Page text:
So You Think Coral Snakes Are Rear-Fanged?

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Snake venom is a precious commodity.
From antivenom for snakebites to cancer treatments and the latest research on neurological diseases, venom is being used in a wide variety of applications.
And George Van Horn has been collecting it for these uses for nearly 40 years.
 The owner of Reptile World Serpentarium in St. Cloud, Fl., Van Horn is passionate about snakes and besides exhibiting more than 50 species, keeps hundreds for the sole purpose of extracting venom.
Twice a day he allows the public to view through safety glass that allows a peek at his high tech venom extraction room.
“You see this. These are fangs,” Van Horn said as he rolled carefully opened the mouth of a eastern coral snake.
The tiny fangs were in the front of the snake’s mouth and destroy the commonly held myth that coral snakes are rear-fanged snakes that must “chew” on a person to inject venom.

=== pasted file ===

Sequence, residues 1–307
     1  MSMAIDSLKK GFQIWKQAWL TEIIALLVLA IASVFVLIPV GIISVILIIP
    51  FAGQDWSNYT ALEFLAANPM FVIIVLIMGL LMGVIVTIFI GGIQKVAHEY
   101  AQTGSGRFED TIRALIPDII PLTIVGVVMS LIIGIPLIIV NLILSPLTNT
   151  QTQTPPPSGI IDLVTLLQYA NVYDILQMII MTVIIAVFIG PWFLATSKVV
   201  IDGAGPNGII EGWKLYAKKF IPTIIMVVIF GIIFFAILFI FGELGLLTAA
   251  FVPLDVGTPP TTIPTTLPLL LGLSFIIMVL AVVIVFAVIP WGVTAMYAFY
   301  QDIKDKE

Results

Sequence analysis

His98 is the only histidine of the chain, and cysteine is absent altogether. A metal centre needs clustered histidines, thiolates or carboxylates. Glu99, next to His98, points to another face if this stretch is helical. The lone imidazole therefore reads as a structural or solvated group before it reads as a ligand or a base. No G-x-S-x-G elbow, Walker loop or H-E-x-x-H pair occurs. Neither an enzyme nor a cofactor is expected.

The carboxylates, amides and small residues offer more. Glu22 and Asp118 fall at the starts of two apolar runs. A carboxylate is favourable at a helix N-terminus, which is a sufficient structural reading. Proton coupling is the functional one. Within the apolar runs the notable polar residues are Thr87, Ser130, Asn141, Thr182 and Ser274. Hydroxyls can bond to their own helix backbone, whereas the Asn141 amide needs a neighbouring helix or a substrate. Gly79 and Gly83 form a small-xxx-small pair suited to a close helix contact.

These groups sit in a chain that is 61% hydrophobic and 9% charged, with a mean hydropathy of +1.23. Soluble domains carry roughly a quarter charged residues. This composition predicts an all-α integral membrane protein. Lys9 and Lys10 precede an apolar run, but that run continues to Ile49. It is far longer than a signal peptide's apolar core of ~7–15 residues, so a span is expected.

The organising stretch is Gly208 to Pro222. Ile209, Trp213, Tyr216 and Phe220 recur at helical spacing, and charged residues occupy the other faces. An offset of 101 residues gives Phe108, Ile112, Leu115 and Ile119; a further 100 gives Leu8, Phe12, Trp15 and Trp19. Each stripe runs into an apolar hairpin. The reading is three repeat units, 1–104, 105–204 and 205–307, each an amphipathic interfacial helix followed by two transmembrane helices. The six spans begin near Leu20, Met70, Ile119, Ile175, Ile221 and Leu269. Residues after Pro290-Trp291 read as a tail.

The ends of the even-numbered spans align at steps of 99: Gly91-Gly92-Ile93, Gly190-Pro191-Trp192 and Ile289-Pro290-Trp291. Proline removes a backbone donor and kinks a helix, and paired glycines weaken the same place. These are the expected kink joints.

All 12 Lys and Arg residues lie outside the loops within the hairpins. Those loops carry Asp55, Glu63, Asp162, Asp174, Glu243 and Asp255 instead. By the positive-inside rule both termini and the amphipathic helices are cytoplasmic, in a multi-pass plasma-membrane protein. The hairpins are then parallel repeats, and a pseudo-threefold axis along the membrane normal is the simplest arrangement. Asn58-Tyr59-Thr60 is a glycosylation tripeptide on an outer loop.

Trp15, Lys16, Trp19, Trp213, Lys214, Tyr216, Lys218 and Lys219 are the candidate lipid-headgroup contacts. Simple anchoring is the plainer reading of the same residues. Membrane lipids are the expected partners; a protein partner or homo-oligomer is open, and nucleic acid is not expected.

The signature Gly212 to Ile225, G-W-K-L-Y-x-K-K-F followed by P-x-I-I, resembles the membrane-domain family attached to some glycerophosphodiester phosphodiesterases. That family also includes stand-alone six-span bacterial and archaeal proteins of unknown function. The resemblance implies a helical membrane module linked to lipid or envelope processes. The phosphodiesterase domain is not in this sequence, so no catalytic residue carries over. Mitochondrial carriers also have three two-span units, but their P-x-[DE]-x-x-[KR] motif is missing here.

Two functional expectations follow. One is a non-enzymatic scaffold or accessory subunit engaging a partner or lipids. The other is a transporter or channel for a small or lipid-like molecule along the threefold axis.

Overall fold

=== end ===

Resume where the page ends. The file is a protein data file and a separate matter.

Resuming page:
“They are elapids just like cobras and they have the same skull structure. I don’t know where these rumors came from but they are persistent,” Van Horn said.
These rumors run rampant here in Texas where coral snakes are more common than many would believe. They are shy snakes that spend much of their time under leaves, in old rotten logs and in other damp, dark areas.
He went on to say that most coral snake bites result from people picking them up and it is often young men.
“Women typically don’t go around picking up venomous snakes. And a coral snake has a very dangerous venom that is difficult to treat so people shouldn’t fool with them,” he said.
He uses a specially designed snake stick to hold down the heads of the bigger snakes he extracts venom from but can’t do it with the corals due to their small skull. That means he grabs them quickly from behind, a method that is without question risky but is best for the long term health of the snake.
“We keep them around a long time and have to watch out for their well-being,” he said.
Snakes are part of nature whether you like it or not and if you venture into the great outdoors it is best to learn to respect them and get educated so you can handle any encounter that comes your way.
Chester Moore, Jr. 

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